The Government Digital Service started out as a small group of people with experience building and running large online services. Since then we’ve grown the team, added lots of smart people, and talked to even more experts from other organisations. The Government Service Design Manual is an attempt to bottle that collective wisdom, with the aim of improving public services and making sure they meet the Digital by Default Service Standard.
So how did we write and review more than 286 (at the time of writing) items of guidance?
Most of the content was authored by people who do what they wrote about. So members of our user research team wrote about card sorting and ethnographic research, designers and developers wrote about accessibility, testing and APIs and product and delivery managers wrote about agile. There is content from analytics specialists, content editors, web operations experts, procurement professionals and more.
For me, this meant writing on lots of topics I’m passionate about, from hosting and configuration management to monitoring and releasing software. I’m particularly proud of the guide on what is devops as it’s an emerging area I’ve been actively involved in.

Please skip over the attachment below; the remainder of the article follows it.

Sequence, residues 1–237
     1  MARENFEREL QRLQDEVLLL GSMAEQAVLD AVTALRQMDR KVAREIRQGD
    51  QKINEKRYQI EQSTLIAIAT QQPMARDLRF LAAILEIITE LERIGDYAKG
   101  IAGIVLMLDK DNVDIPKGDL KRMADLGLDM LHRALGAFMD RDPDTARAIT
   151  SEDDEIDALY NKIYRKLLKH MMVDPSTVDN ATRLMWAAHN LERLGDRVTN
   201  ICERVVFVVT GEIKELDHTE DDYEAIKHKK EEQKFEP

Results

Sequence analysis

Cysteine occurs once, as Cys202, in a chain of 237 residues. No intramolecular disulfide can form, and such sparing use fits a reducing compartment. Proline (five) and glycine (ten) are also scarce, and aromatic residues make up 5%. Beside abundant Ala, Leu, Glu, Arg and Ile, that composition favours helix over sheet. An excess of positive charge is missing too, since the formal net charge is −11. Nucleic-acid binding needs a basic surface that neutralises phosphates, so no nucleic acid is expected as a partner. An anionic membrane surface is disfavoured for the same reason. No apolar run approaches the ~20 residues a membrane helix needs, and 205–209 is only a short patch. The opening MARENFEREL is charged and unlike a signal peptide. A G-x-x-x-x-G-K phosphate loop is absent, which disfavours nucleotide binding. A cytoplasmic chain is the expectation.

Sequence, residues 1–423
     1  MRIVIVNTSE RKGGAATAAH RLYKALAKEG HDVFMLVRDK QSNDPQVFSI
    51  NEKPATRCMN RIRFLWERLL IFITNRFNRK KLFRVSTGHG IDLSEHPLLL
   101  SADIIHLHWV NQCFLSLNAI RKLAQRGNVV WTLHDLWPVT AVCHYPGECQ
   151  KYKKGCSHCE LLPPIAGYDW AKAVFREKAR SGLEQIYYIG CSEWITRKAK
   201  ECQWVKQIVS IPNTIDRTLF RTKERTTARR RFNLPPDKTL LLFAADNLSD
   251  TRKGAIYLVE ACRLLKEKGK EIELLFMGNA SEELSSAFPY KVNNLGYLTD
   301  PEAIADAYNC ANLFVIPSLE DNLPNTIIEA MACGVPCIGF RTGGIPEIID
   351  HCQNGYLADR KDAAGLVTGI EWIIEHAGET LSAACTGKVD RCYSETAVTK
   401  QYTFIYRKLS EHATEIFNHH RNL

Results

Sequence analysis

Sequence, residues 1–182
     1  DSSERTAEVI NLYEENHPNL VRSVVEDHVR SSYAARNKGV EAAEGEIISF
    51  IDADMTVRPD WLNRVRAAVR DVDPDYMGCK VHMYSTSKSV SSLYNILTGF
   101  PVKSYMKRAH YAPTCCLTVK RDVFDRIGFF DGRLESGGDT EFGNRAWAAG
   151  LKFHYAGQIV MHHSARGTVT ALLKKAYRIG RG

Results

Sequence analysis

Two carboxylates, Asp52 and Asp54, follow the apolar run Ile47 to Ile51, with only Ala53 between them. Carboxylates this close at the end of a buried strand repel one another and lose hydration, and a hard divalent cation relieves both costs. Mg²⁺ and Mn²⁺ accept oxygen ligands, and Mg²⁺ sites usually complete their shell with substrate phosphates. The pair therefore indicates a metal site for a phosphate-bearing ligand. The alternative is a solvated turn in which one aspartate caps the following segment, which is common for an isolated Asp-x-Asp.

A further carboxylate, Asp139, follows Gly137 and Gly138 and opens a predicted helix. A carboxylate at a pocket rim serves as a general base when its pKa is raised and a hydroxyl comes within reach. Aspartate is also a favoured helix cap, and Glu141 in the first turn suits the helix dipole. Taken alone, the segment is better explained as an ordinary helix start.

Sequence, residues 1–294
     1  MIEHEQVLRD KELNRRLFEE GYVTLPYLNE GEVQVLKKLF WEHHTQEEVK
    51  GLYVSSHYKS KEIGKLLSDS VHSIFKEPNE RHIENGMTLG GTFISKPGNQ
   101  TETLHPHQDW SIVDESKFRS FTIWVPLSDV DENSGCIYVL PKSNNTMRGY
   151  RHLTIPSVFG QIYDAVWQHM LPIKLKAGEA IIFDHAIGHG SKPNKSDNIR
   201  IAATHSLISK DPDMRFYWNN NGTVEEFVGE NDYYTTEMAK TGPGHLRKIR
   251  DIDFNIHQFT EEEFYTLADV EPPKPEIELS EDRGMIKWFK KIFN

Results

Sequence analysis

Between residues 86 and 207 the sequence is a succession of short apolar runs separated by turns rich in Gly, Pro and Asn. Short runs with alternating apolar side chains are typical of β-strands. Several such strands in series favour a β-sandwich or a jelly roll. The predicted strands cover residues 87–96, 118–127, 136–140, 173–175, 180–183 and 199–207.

What makes a strong piece of guidance is passion. Anyone in GDS was able to get involved in creating content for the manual if they wanted, all it took was to start writing. Hopefully this same passion for the individual topics will keep the content up-to-date.
With that interest and expertise for a given topic also comes access to a wider community of other experts, and we’ve used this to get as many eyes on specialist topics as possible.
Even with all that writing going on we wouldn’t have a coherent manual without the efforts of a central team. The Digital by Default Standard team took on the job of curating the deluge of incoming content, making sure links between documents existed and that we weren’t contradicting each other or government policy. The content also needed to fit into an understandable hierarchy and the Digital by Default team managed this, evolving it based on feedback and more active user testing.
Having so many different (and different types of) people writing content should have led to a huge number of typos and crimes against grammar. While the Digital by Default Standard team did some of the work here, the open and collaborative approach really helped too. Many eyes really did make light work, with a collaborative spirit around finding and fixing problems as content was written. We even got some grammar and spelling corrections submitted by people from outside GDS, so a big thank you to anyone who helped out in that way.
Over to you
The service design manual content is available on GitHub and includes advice on contributing. This can’t be a static document. Language can always be made clearer, new topics added or old ones amended. We’re all still learning, and keeping the manual up-to-date is critical. If you have experience building services, especially inside government, and you want to share then please help by writing new content or commenting on suggested changes.